What follows are seven creepy experiments—thought experiments, really—that show how contemporary science might advance if it were to toss away the moral compass that guides it. Don’t try these at home—or anywhere, for that matter. But also don’t pretend you wouldn’t like to learn the secrets that these experiments would reveal...read moreWill you exchange your soul for this knowledge?
Will Rodman (James Franco) is a San Francisco scientist at GEN-SYS who has been trying to develop a cure for Alzheimer's disease by testing a genetically engineered retrovirus on chimpanzees. The virus mutates the chimpanzees, giving them a human level of intelligence. One of his test subjects, a female chimpanzee named Bright Eyes, goes on a rampage because she believes her baby, to whom she secretly gave birth, is threatened. She is killed after disrupting a board meeting. Will's boss Steven Jacobs (David Oyelowo) orders subordinate Robert Franklin (Tyler Labine) to put all the test chimpanzees down, but he cannot bring himself to kill the chimpanzee's baby, and instead gives him to Will, who names him Caesar (Andy Serkis) and raises him in his house.Caesar has inherited his mother's high intelligence, and learns quickly.
Three years later, Will gives a sample of his cure to his father, Charles (John Lithgow), who is suffering from Alzheimer's disease. At first, his father improves but, five years later, his body's immune system fights off the virus and his dementia returns....read more.
The existence of the little ice age and the medieval warm period were an embarrassment to the global-warming establishment, because they showed that the current warming is almost indistinguishable from previous warmings and coolings that had nothing to do with burning fossil fuel. The organization charged with producing scientific support for the climate change crusade, the Intergovernmental Panel on Climate Change (IPCC), finally found a solution. They rewrote the climate history of the past 1000 years with the celebrated “hockey stick” temperature record...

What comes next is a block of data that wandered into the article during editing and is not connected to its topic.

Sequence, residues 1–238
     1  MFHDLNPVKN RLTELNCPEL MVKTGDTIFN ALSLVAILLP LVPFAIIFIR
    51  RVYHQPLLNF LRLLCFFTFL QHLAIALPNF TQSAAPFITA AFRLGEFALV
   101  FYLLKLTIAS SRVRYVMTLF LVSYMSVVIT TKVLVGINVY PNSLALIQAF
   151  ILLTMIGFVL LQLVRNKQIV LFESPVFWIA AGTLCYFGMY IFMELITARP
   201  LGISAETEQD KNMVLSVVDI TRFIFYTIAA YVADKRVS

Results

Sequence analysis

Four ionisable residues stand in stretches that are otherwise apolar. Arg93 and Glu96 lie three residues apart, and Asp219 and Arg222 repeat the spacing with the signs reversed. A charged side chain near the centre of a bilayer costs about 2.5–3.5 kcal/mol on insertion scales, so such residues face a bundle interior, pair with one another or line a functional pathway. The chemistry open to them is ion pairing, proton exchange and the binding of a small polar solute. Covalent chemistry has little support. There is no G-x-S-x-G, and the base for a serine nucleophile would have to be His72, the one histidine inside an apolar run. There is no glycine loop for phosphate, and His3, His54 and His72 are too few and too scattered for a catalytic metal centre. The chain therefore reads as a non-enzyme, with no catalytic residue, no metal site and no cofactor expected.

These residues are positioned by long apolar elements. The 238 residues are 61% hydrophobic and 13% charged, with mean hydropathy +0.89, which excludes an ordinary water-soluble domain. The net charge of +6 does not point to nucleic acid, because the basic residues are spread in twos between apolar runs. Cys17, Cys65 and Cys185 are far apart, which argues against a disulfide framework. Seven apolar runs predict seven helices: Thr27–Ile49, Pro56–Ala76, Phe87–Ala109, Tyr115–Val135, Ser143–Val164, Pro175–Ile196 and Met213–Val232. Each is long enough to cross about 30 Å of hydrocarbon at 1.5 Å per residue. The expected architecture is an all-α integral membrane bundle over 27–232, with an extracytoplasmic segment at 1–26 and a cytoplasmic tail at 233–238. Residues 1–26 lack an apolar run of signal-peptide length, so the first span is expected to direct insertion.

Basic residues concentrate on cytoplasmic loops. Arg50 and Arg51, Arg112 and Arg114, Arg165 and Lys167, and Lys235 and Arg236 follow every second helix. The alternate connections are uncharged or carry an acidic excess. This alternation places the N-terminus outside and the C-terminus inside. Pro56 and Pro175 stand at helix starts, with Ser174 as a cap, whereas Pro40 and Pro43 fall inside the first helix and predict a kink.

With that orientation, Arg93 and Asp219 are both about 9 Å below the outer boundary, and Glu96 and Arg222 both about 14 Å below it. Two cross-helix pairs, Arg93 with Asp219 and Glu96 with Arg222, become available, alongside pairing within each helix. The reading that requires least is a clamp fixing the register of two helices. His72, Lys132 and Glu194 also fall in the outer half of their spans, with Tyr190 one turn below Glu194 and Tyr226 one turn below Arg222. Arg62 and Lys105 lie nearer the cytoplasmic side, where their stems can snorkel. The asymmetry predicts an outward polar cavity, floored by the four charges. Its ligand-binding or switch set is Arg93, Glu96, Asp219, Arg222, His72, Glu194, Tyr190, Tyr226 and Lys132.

Let me summarize how the key issues appear to me, a working scientist with a better background than most in the physics of climate. CO2 really is a greenhouse gas and other things being equal, adding the gas to the atmosphere by burning coal, oil, and natural gas will modestly increase the surface temperature of the earth. Other things being equal, doubling the CO2 concentration, from our current 390 ppm to 780 ppm will directly cause about 1 degree Celsius in warming. At the current rate of CO2 increase in the atmosphere—about 2 ppm per year—it would take about 195 years to achieve this doubling. The combination of a slightly warmer earth and more CO2 will greatly increase the production of food, wood, fiber, and other products by green plants, so the increase will be good for the planet, and will easily outweigh any negative effects. Supposed calamities like the accelerated rise of sea level, ocean acidification, more extreme climate, tropical diseases near the poles, and so on are greatly exaggerated.
“Mitigation” and control efforts that have been proposed will enrich a favored few with good political ties—at the expense of the great majority of mankind, including especially the poor and the citizens of developing nations. These efforts will make almost no change in earth’s temperature. Spain’s recent experiment with green energy destroyed several pre-existing jobs for every green job it created, and it nearly brought the country to bankruptcy.
Labels: Books and Reading
Labels: Conference Infomation